Subject: RE: Back to Analog
Bob:Great article. If I may, I’d like to add my understanding of the problem. Linear PCM is at it’s best with full-scale signals. PCM achieves its maximum linearity, and thus sonic resolution, at high levels. At the same time, linear PCM has low resolution, and thus has its highest non-linearity, at low levels. Analog tape compresses, and thus distorts, at high levels, but is linear and has low distortion at low levels. If we can lower the noise floor of analog tape, and avoid the overload characteristics in our recordings, we achieve great performance. That’s where 1/2″ 30ips comes in, and even technology such as SR noise reduction.
These methods increase the dynamic range sufficiently so that the noise floor is low and the overload characteristics are high enough to be out of the way. 1/2″ 30ips also provides a large recording area which gives good linearity over a wide dynamic range. Thus, I argue that the reason why 1/2″ 30ips sounds better than 16bit PCM has less to do with dynamic range and more to do with superior low level resolution.
Another way of looking at it is in terms of bits of resolution. 16 bit PCM, at an operating level of 20 dB below full-scale, is really around 12 bits of audio. At 40 dB below operating level, there are only 6 bits describing the audio signal. To grasp what this means, a 1-bit error in the digital description of the signal gives a distortion of 1.5 percent at 16 bit resolution.
(Note, part of his argument is irrelevant, since dither linearizes the PCM system at low levels and gets rid of this type of distortion. But I have no argument that 16 bits are not enough, for many other reasons)
Even if the digital description of amplitude is dead-on, there is significant harmonic distortion in the audible frequency range going on at 6-bit resolution. And it just gets worse as thelevel drops on digital recordings. How can we possibly experience good sonic detail at low levels with 16 bit PCM? At 40dB below operating level, analog tape maintains its linearity, and thus reproduces with better clarity. I don’t have figures at hand, but I’m sure the harmonic distortion is very low.
The point is that what we’re hearing is understandable in simple terms, and can be measured with common instruments. It’s not rocket science. All of this just supports your point even more, that analog recording has not yet lost it’s edge… -Michael Karagosian President, Cinema Group, Ltd.
(once upon a time, an engineer with Dolby Laboratories)
Of course, it can be argued that with dither, a 16-bit system can perform as well as that analog tape. And more and more linear A/D converters are being developed with excellent linearity at low levels. But the ears seem to indicate that despite the fact that analog tape’s noise is higher than the dither noise of 16-bit, the apparent low level resolution of the analog tape is superior to 16-bit digital. Once you get to 24 bits, though, low resolution of the digital improves, and the subjective judgments get closer.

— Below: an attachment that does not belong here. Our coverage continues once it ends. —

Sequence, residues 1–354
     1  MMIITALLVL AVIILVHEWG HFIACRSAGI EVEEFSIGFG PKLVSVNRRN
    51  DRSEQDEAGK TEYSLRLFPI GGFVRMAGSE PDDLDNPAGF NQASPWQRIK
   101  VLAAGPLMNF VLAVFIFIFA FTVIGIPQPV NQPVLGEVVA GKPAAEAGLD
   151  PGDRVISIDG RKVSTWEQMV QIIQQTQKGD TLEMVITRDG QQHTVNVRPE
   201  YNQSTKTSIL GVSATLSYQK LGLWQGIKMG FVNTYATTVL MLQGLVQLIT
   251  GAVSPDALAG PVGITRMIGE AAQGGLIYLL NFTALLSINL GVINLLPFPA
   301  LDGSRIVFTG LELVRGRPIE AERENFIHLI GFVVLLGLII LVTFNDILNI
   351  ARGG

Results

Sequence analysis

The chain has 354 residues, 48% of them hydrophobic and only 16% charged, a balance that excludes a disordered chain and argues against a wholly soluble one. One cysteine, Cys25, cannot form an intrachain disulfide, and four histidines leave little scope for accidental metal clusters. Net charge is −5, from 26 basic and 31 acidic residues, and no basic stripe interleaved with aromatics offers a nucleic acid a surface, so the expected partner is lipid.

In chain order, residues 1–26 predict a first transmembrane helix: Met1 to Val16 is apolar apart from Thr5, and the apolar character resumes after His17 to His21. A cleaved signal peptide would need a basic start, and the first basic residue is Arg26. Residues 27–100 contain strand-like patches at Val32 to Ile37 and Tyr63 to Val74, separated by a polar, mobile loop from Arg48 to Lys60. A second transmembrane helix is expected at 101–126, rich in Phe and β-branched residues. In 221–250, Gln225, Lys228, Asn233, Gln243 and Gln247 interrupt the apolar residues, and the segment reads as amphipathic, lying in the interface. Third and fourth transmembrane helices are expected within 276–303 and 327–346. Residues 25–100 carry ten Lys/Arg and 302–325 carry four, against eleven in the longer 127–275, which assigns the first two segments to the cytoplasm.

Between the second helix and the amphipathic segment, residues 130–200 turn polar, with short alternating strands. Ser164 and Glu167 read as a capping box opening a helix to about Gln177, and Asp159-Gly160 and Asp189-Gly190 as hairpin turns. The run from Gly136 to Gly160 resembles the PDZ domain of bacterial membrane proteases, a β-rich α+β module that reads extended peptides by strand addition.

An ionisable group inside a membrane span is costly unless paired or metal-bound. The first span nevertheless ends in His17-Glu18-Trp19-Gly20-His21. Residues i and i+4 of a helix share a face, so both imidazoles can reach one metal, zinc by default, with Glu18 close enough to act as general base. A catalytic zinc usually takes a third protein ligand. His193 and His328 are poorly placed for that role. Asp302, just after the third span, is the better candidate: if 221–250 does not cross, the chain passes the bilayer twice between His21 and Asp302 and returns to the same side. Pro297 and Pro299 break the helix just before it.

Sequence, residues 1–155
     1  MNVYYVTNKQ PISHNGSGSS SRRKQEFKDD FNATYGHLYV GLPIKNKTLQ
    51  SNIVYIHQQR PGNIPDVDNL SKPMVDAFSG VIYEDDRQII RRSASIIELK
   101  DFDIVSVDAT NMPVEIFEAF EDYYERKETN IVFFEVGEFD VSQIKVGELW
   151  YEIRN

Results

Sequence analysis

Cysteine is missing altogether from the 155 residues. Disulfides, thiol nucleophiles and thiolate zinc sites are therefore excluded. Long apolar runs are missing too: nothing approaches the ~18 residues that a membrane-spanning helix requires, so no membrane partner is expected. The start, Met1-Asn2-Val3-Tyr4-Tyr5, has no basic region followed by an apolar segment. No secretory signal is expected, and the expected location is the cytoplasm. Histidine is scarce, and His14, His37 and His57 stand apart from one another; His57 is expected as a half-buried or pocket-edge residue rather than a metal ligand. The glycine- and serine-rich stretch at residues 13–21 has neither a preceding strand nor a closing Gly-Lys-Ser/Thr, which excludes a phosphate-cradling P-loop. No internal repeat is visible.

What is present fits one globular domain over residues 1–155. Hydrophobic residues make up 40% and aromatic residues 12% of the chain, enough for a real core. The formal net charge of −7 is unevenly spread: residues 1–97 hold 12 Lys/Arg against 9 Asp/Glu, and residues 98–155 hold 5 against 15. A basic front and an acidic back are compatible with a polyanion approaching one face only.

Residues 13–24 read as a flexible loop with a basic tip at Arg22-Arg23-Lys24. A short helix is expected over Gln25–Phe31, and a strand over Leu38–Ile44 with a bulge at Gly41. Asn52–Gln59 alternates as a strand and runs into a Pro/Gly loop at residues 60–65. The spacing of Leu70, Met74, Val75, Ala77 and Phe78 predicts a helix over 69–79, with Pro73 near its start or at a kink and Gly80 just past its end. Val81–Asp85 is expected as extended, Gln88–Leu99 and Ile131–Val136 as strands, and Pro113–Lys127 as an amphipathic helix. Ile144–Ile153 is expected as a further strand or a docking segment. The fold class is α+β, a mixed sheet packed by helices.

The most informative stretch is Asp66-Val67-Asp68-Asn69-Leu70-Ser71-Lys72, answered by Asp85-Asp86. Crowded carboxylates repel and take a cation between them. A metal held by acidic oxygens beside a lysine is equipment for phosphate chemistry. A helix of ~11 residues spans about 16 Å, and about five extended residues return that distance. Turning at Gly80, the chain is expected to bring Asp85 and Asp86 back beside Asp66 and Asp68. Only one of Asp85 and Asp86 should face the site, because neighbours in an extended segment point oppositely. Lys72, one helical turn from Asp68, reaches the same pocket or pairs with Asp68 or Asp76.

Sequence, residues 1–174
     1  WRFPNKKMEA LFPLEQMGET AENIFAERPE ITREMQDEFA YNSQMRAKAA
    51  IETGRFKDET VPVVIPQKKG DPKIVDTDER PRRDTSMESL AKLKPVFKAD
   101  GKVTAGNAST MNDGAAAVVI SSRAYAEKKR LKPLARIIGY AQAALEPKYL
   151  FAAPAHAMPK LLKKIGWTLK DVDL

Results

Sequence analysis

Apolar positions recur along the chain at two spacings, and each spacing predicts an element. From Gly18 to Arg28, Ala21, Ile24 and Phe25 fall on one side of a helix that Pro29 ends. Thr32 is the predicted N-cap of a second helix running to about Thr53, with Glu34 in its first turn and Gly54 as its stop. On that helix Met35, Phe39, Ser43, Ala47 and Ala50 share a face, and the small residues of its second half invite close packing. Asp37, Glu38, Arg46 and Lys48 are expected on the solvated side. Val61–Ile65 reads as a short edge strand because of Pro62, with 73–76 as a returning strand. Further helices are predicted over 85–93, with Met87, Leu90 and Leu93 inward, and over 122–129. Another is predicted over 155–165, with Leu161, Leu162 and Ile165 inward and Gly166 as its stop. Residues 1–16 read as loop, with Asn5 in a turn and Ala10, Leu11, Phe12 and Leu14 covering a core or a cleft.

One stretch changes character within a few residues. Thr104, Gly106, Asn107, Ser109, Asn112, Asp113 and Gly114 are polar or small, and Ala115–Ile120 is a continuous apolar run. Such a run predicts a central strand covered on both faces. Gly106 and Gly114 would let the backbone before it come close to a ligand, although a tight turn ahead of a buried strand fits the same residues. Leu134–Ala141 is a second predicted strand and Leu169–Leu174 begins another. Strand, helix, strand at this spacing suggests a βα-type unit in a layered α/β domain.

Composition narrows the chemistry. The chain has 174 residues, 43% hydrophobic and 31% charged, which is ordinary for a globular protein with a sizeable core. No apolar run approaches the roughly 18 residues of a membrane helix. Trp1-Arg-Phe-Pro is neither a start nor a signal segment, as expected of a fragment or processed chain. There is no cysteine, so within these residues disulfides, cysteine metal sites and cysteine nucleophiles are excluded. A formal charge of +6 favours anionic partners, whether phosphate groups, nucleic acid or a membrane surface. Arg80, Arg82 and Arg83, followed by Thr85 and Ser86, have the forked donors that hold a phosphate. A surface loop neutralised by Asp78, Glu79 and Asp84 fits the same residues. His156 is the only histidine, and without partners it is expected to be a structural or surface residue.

I think it’s because the “effective sample rate” of analog tape is higher… Or, to look at it another way: the filtering in the analog tape is gentle, with response to about 30 kHz, but severe filtering in the 44.1 ks/s digital system is required, and I think I hear the artifacts of that filtering… Or because of analog tape’s slightly greater 2nd and 3rd harmonic distortion, even at low levels, than digital, which warms up the sound without fuzzing it. As opposed to “naked digital” which can be extremely revealing of any of the harshness in a source. When you move to 24/96 rates and higher, many people find the digital sound to be as pure or purer than analog tape.
I replied to Michael:
Thanks very much for the comments and your perspective, Michael!
Of course, one thing neither you nor I discuss directly is why analog seems to have more space. However, the relationship between “more bits” and increased space (e.g., 24-bit has more space and depth than 16) seems to point out that the spatial and depth information in a recording are directly related to low level resolution as well.
By the way, I was the first official “user” of Dolby SR in the New York area and on the “first users” list!
And Michael has the best last word:
Bob, glad you liked it. I appreciate that you’re keeping the topic of quality alive. I feel like the music industry has been overridden by the surge of technology, a lot of which is not music-friendly, and most of which is poorly understood by users.